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Digging up new information from ancient Chinese texts

How were ideas about politics and society distributed in ancient China? Hilde De Weerdt, Professor of Chinese History, investigates this using new digital methods. We speak with her about networks, big data and digital humanities.

Since the eighties, China has been at the forefront when it comes to digitisation of written sources. Huge numbers of ancient Chinese books, letters and other texts are now available in digital format. What can these texts tell us about the history of China? Using new digital research methods such as text mining, we are now able to analyse much larger amounts of text in a short time. This provides new insights, says Hilde De Weerdt.

Hilde De Weerdt

What exactly is your research about?

‘I study Chinese political history and the role that communication networks have played in it. I try to answer such questions as how new ideas about politics and society spread throughout Chinese history. We always thought that it happened from above, from the court. But by analysing large amounts of written sources we found that the situation was rather different. From the 12th century onwards, a cultural, literate elite emerged, which spread all kinds of ideas and exercised influence in that way.’

So the elite had more power than we thought?

‘Exactly. These people wrote many texts, such as letters, poems and notebooks - similar to today's blogs - in which they commented on a variety of issues, from defence to diplomatic relations, religion and inflation. In my research, we have identified the networks through which these texts were distributed. In many cases they turned out to be large networks, covering long distances. You can imagine that in this manner, despite the enormous size of China, people were able to bring together their ideas and say: we want our views to be respected. Many ideas were developed locally and then became so widespread that they finally penetrated to the top.’

How did you manage to map these networks?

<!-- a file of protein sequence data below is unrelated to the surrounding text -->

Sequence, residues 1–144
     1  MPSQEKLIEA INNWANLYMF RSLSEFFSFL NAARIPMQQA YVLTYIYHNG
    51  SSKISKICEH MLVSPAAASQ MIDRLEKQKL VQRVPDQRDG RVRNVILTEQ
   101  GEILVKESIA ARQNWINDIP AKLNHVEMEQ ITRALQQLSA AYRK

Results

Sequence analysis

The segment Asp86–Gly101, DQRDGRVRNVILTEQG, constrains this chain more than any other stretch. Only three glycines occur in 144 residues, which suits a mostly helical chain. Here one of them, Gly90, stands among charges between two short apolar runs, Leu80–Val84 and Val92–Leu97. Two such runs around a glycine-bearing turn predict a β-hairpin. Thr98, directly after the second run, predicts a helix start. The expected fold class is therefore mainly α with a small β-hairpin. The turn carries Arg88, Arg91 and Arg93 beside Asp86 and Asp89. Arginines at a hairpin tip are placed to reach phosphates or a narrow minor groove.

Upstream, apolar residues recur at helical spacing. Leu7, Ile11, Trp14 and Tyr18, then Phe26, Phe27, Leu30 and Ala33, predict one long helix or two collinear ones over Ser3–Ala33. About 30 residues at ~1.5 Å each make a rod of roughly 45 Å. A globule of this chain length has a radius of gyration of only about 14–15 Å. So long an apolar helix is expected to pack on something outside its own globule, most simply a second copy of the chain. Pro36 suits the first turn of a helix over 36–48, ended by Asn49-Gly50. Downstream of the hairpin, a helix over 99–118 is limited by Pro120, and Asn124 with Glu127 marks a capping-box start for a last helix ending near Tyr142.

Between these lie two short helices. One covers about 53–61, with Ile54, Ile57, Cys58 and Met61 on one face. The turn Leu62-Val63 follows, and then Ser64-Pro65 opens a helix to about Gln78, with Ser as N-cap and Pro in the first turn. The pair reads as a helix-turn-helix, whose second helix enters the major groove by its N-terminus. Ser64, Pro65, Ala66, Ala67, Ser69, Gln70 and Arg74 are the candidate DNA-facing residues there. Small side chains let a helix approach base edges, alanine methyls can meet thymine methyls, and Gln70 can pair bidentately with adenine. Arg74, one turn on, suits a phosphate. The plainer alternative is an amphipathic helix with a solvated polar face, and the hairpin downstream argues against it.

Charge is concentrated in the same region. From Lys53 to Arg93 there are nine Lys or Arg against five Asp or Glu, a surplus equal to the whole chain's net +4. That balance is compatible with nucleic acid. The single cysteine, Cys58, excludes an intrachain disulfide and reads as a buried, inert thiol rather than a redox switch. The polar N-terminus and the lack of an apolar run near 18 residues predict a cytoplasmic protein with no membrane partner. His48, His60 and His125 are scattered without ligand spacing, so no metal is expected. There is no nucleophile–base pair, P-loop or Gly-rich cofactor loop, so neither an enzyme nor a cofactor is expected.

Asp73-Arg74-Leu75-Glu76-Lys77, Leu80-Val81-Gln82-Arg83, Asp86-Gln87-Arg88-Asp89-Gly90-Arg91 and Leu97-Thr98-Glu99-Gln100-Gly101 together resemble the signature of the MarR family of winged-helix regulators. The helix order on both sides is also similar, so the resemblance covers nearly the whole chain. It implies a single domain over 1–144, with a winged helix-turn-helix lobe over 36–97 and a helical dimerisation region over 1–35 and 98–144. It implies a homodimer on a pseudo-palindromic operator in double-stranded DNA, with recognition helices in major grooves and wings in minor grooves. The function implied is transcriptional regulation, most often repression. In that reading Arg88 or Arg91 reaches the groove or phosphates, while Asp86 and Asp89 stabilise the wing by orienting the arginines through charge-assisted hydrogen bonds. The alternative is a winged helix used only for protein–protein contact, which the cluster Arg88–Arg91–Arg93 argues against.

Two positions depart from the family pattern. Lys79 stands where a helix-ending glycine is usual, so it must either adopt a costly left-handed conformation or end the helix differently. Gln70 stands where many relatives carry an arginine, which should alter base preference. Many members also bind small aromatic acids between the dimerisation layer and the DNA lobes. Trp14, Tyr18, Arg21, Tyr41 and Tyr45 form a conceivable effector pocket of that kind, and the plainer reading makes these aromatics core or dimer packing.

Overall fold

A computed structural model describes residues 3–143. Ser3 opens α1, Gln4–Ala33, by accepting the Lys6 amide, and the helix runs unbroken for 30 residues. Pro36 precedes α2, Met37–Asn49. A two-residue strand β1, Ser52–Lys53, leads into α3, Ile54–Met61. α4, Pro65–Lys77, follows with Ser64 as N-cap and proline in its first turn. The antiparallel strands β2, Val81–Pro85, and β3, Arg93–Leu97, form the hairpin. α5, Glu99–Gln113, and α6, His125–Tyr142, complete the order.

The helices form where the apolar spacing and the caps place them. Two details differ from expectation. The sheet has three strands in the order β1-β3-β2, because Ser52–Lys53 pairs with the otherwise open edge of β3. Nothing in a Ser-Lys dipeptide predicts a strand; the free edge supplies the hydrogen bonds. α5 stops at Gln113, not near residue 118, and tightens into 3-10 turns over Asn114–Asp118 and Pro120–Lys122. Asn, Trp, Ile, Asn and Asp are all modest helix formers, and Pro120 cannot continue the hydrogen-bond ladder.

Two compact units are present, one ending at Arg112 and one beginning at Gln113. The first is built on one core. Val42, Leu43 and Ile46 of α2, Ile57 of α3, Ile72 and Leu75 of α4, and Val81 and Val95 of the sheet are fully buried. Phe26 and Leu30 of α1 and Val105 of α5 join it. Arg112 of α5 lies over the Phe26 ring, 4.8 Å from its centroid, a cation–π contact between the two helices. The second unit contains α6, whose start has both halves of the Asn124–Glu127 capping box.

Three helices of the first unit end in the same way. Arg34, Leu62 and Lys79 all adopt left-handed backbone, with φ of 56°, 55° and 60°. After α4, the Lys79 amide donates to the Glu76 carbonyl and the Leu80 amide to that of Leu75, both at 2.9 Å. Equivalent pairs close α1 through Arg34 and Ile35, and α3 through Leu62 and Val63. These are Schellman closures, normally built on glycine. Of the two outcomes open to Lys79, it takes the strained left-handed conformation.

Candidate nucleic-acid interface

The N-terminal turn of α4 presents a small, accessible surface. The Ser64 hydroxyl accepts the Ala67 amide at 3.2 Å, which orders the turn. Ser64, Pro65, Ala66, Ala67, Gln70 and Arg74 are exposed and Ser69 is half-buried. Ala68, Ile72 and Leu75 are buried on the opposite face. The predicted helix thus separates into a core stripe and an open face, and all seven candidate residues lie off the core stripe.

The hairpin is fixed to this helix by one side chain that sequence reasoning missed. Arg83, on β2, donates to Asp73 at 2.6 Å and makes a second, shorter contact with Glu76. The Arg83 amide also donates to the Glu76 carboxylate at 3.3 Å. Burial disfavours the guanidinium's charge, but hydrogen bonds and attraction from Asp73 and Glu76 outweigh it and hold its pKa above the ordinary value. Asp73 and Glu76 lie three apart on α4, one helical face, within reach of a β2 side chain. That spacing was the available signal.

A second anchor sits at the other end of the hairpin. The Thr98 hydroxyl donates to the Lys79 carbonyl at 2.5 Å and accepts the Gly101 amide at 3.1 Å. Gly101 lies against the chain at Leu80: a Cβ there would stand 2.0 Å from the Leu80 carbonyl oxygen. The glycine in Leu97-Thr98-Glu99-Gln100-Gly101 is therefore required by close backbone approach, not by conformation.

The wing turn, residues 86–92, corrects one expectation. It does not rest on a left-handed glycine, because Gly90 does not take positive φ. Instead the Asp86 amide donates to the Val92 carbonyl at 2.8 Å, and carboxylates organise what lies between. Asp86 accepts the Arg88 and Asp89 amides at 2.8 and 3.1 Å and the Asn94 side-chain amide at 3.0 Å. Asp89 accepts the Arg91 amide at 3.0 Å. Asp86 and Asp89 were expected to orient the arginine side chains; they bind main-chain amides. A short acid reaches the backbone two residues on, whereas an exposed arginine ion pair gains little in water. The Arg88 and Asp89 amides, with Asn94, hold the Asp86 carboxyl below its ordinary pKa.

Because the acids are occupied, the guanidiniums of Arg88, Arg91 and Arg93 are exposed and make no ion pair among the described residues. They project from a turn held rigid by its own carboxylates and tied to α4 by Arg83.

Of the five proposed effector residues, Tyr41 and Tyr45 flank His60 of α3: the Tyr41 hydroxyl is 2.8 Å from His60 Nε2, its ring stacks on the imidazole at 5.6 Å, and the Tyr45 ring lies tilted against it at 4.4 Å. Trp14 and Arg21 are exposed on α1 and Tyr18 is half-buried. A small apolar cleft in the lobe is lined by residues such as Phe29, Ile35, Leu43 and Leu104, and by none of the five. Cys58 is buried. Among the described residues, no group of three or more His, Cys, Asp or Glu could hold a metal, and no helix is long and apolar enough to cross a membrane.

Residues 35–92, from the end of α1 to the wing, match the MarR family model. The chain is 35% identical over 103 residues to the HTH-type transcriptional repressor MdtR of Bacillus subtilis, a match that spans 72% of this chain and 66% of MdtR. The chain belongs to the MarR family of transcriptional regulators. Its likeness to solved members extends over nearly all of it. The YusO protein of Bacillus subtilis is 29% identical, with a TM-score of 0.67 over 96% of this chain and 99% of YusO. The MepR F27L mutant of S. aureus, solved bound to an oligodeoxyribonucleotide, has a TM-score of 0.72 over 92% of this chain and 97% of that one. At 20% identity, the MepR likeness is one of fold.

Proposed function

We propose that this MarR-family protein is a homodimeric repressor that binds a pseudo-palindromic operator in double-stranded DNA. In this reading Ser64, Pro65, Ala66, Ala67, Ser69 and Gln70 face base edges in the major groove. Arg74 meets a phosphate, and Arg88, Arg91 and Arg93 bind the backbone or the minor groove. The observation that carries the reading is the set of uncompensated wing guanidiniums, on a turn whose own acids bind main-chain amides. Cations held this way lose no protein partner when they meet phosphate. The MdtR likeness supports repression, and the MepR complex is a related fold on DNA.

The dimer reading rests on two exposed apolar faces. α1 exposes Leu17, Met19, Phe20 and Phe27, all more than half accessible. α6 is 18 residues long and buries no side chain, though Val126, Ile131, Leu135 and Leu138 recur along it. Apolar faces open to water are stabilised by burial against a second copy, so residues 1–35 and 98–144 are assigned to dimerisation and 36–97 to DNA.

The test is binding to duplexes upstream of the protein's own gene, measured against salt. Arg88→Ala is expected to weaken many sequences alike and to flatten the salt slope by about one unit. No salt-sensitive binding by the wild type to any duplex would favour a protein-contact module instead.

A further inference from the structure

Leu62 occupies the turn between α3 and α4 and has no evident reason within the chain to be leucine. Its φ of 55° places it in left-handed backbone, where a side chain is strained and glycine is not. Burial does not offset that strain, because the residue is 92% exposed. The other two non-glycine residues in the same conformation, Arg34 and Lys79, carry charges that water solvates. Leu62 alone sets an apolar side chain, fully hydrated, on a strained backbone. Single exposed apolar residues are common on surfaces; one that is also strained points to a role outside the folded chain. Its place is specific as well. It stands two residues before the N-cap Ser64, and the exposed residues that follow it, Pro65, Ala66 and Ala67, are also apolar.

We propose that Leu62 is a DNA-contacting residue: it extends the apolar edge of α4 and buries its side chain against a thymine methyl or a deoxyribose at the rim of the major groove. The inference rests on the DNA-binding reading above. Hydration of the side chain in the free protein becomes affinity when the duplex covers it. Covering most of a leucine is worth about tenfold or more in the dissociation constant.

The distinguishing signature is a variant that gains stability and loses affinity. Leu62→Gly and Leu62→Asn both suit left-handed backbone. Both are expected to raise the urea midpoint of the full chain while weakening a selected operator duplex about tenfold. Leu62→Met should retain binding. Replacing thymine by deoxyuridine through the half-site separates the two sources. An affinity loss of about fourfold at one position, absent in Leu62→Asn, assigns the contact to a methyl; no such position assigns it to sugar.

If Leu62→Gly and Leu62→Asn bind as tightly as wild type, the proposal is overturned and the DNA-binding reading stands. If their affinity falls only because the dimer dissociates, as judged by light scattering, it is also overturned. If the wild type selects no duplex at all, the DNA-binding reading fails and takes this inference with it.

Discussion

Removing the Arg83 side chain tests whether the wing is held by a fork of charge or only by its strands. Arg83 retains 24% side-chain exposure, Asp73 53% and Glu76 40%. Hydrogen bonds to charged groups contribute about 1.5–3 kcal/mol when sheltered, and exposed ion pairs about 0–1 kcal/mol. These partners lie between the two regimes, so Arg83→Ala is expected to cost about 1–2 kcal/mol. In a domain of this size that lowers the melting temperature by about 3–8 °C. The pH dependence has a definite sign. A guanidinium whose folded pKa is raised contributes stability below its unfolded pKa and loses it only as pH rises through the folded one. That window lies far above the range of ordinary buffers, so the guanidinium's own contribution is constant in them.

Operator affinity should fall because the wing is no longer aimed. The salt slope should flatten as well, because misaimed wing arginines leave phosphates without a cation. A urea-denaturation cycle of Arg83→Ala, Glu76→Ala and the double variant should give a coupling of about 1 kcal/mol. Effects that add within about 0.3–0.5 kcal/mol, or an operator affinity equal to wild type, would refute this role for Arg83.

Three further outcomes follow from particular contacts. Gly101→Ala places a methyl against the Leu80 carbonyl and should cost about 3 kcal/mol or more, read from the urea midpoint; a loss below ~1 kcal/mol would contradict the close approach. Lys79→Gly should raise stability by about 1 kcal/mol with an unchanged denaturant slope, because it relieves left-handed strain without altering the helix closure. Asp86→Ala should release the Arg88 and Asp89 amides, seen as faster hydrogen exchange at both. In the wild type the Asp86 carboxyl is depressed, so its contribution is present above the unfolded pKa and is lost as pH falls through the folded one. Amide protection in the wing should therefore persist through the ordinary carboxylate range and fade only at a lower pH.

‘In the texts that we used in the study, we analysed who was in contact with one another, who addressed letters to whom, and who commented to whom. We did this by, for instance, semi-automatically extracting personal names from the texts. Then we visualised these networks using digital methods, and mapped which regions in China they covered.’

This kind of research is probably only possible if many texts are digitally available?

‘That's right, and in that area we are at an advantage in China Studies. From an early stage, much attention has been paid to the digitisation of the Chinese textual tradition, so we have a lot of digital sources. But so far, little has been done to really make use of all this material.’

Why is that?

‘The possibilities are still limited. Apart from performing keyword searches, not much else can be done with these texts in most commercial databases. In the eighties and nineties, we were already very happy with that; it was revolutionary that these texts were digitised in the first place. But not all the possibilities of the data were used. For example, if a keyword search yielded a thousand results, that used to be too much to work with. The motto was then: limit yourself to a particular period or author, in order to reduce the number of hits. But that method doesn’t quite fit in with present-day research anymore. You now want to use all the data you have, in order to discover new questions and to reach new insights.’

Is that why you have developed the MARKUS platform?